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Studies show standing desks may be killing us - what to do instead

30 October 2018

We all know that sitting all day is unhealthy. From claims that “sitting is the new smoking” to ever-increasing obesity statistics, the latest trend is to shun the sedentary lifestyle by staying active in the workplace, and the easiest way to do that is to buy a standing desk…


Recent studies are beginning to shed doubt on that notion, suggesting that standing at work is just as bad, if not worse for you than sitting. According to a study published by the American Journal of Epidemiology, standing at work all day is “associated with a 2-fold risk of incident heart disease” over sitting, with one of the researchers noting an “incidence of heart disease among those respondents who stood a lot at work” comparable to smokers or obese people. A study published by the journal Ergonomics had a similar take on the matter, concluding that prolonged standing “may have health and productivity impacts” and may cause “lower limb swelling,” “muscle fatigue,” “deteriorated sustained attention reaction time,” and “decreased mental state.”

So if sitting is killing us, and standing is killing us, what isn’t killing us?!

With all this hubbub about the hidden dangers of the workplace, it might seem like there’s nothing you can do to ward off the imminent premature-death-by-just-being-alive. But fear not! There is a way to forestall this impending doom: stay active. Just because you use a standing desk, doesn’t mean you aren’t still sedentary. Taking regular active breaks, like walking around the office or simple active stretches, will do wonders for your health. Even little things like using a smaller cup or water bottle so you have to make more trips to the water cooler, or moving your desk to a location farther from the bathroom will naturally insert more activity into your day.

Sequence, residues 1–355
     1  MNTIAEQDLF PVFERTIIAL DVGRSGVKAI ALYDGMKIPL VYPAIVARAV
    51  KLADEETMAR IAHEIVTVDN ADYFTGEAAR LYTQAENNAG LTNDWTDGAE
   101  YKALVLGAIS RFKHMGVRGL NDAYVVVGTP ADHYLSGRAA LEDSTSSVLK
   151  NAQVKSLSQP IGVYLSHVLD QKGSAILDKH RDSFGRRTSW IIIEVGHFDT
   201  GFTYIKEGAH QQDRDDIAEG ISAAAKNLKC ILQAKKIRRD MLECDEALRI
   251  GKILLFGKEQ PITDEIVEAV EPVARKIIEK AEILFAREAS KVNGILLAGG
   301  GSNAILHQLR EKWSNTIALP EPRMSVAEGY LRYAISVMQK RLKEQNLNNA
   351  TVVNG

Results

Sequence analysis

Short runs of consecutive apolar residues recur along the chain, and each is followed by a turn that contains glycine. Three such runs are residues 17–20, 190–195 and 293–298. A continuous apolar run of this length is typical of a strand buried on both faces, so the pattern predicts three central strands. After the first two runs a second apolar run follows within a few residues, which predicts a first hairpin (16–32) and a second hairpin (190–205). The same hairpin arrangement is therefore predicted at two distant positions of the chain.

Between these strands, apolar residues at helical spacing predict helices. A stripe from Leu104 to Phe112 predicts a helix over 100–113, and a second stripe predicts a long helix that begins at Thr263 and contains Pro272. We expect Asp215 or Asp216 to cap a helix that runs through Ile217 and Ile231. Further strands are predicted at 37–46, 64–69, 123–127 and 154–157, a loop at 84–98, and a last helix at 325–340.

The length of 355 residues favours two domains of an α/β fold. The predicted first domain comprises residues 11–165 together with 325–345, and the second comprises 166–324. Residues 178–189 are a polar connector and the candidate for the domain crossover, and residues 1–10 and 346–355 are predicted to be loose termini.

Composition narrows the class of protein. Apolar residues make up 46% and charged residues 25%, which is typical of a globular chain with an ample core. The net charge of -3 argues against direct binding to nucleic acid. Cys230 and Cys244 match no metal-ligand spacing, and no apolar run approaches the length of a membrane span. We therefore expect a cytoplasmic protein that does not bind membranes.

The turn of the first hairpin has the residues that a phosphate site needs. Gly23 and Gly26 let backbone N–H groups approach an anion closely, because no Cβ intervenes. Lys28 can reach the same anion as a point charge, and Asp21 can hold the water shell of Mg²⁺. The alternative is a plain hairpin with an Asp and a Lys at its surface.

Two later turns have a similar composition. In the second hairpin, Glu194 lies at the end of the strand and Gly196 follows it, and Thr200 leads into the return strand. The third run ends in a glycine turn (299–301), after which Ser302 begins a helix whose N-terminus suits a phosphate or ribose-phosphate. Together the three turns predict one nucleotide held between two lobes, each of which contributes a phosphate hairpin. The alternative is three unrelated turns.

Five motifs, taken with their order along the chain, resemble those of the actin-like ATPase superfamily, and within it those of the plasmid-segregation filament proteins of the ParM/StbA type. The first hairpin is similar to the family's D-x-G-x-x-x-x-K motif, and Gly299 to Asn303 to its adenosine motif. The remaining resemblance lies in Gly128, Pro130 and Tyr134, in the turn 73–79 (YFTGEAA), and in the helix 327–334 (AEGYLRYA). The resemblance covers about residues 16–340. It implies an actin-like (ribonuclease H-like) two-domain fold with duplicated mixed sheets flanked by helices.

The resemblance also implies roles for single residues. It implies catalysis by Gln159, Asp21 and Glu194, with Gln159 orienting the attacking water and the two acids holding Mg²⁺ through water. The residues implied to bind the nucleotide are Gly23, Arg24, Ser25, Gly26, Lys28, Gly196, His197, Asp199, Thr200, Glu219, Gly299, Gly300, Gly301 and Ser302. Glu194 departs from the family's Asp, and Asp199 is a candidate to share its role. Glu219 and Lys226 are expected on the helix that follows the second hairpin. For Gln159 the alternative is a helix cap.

Many experts also recommend using a height-adjustable workstation and abiding by the 20-8-2 guideline: while at a desk, cycle between 20 minutes sitting with good posture, 8 minutes standing, and 2 minutes moving. That way, you aren’t sitting or standing for too long, minimizing the risks of both prolonged sitting and standing. Additionally, just the act of alternating between sitting and standing gives your body a “gravitational stimulus” to keep your muscles and bones strong.

There are plenty of consumer products to help you keep fresh and motivated in the workplace as well. To begin with, your smartphone most likely has a built-in step counter and preinstalled activity tracker, such as Apple Health or Samsung Health, which you can use to record how active you are every day. If you don’t keep your phone on you at all times, wearable activity trackers and smartwatches, like the FitBit or Apple Watch, can help track how much you move and estimate how many calories you burn.

If you have the extra scratch, it might be worth it to invest in upgrading your workspace to a more active one. The aforementioned height-adjustable desktop risers are a good place to start. If you’re looking for something a bit more intense, treadmill desks are gaining more and more traction (pun intended) - but, for those that lack the certain set of skills to be able to multitask in such a way, treadmill desks may actually be detrimental (just try eating and walking at the same time!). To help ease these issues, manufacturers are beginning to move towards desk bikes, which minimize the disruptive movement of walking and allow you to multitask with ease. All-in-one desk bikes, like the V9, are perfect for common areas in the workplace, letting you break up the monotony of desk work by offering an easy and convenient way to do a bit of active work or take an active break.